Global Policy Forum

International Court Attempts Shoestring Justice


By Sanjay Suri

Inter Press Service
September 9, 2004

The Assembly of State Parties, the name given to a meeting of officials from countries supporting the court, has proposed a budget of 84 million dollars for the International Criminal Court (ICC) for next year. Civil society groups say that is far too little. On that budget will depend the extent of justice the court can hope to offer.

The jurisdiction of the court extends only to 94 countries that support it, with the United States a prominent exception. The remit of the court is to take up cases of genocide, war crimes and crimes against humanity where national governments are unwilling or unable to act. The court has taken on two cases so far in the Democratic Republic of Congo and Uganda. Both were referred to the court by the national governments of these countries. The two African nations invited the ICC to prosecute war crimes during conflicts between government forces and rebels. The court can only investigate crimes that took place after its creation in July 2002.

The court is prosecuting these cases from The Hague in the Netherlands, and that could become also its weakness, says William Pace, convenor of the Coalition for the International Criminal Court, a network of non-governmental organisations supporting justice through this court. ''It could become too Hague-centric, with very little outreach and communication to peoples where crimes have occurred,'' Pace told IPS on phone from The Hague.

This is where the budget plays a vital role in the scope of justice the court can offer, he says. ''The budget is a blueprint of what the court wants to do and how it intends to operate,'' he said. ''For us the budget has serious deficiencies because we believe it is repeating the mistakes of the ad hoc tribunals for the trial of Milosevic and the genocide in Rwanda.''

Those models meant among other things that trials will take place in The Hague. Milosevic stands accused at the International Criminal Tribunal for the former Yugoslavia at The Hague of a large number of crimes. And the prosecution has sought to make a case with about every crime. This has meant flying in many witnesses, and an inability to summon others. The Milosevic trial has become an unwieldy process.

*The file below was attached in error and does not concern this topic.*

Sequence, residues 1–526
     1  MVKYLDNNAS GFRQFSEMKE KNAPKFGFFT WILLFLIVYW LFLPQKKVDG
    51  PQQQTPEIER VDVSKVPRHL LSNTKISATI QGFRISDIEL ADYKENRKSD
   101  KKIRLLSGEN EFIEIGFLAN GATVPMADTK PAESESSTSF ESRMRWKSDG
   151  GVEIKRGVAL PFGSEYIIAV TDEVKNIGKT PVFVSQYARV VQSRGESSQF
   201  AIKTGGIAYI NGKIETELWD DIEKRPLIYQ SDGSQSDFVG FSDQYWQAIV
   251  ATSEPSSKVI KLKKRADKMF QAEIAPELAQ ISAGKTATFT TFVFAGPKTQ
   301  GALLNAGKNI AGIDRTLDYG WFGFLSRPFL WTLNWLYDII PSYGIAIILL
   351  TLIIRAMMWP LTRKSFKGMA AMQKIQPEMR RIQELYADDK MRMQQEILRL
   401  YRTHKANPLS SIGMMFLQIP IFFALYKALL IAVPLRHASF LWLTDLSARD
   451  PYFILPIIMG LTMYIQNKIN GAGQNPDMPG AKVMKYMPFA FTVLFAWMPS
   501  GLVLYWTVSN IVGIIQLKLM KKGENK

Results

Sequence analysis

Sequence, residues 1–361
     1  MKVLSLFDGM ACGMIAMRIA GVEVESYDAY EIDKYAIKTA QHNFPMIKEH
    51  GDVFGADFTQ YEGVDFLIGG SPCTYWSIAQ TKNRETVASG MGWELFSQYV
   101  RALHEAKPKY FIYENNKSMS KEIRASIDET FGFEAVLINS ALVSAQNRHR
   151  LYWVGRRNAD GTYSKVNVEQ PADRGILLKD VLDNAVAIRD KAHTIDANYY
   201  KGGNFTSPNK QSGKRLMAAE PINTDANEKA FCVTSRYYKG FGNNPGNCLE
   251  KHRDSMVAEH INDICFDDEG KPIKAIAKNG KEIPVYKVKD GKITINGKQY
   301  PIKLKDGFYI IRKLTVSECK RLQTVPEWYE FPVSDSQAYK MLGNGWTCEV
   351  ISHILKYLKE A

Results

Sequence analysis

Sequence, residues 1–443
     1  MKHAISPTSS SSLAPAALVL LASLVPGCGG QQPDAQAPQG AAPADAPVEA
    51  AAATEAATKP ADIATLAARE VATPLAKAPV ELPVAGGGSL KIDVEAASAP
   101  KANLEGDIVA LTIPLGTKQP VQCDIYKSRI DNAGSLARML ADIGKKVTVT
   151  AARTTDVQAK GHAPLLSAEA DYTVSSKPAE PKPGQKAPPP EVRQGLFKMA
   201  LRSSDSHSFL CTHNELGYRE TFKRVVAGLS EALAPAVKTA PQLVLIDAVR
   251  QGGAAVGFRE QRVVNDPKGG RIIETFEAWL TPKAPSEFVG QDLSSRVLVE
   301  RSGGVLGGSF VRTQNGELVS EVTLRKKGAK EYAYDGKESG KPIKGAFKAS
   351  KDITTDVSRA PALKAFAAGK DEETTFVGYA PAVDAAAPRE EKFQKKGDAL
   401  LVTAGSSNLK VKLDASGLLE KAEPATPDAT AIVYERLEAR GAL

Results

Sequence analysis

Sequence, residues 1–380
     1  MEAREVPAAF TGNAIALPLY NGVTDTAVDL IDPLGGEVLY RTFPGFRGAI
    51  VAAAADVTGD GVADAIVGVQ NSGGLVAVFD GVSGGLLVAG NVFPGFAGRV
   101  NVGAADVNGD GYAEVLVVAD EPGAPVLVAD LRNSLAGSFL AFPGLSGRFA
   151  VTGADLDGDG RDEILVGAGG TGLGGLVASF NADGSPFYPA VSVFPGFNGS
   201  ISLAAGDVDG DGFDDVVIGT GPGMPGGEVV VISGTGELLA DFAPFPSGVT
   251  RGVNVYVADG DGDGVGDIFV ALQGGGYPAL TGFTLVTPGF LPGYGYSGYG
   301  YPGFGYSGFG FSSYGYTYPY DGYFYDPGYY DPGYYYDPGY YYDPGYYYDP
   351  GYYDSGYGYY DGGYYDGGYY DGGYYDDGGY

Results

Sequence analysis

The ICC, which already has investigating teams in place in the Democratic Republic of Congo and in Uganda, has taken the view that it does not have money to conduct Milosevic type trials. It plans to pick a few incidents of serious crime and launch prosecutions. This would reduce time, costs and the number of witnesses. ''Nothing wrong with that, but the court needs also to consider how thousands of others need to be communicated with, and how the trials relate to them,'' Pace said.

The Paris-based International Federation of Human Rights (FIDH) says it "doubts the capacity of the Court to implement those (human) rights. Indeed, the financial difficulties that the Court might face may prevent the effective participation and protection of victims.''

Human rights groups say such participation will require substantial and long-term commitment from the supporting countries. ''Now that the ICC is beginning to reach out to witnesses and victims, we expect these states to step up to the plate and provide the appropriate funds for the court to do its job,'' Richard Dicker, director of Human Rights Watch's International Justice programme said in a statement. ''It's not about giving the court a blank check, but making sure that the ICC has the necessary financial and political backing for this critical phase of its work,'' he said.

The 84 million dollar budget proposed for the court for next year is only somewhat higher than the 74 million dollar budget for this year. But the costs are expected to be far higher next year because the trials in both cases the court has taken up are due next year. Chief prosecutor Luis Moreno Ocampo -- an Argentine national -- has said he would like to launch investigations in several other cases next year, and he cannot do that without a budget to go on. ''I cannot and will not announce the opening of a third investigation without being certain that sufficient resources are available,'' he said at the start of the assembly this week.

Officials from about 80 of the 94 countries that endorsed the Rome Treaty that created the court are attending the meetings that began Monday. Officials from about 40 countries are attending as observers.

The United States is not present as observer either. It withdrew from the Rome Treaty on the grounds that its citizens could be prosecuted as a result of political motivations. The United States has entered bilateral agreements with several countries to make sure its citizens are not extradited to the court.

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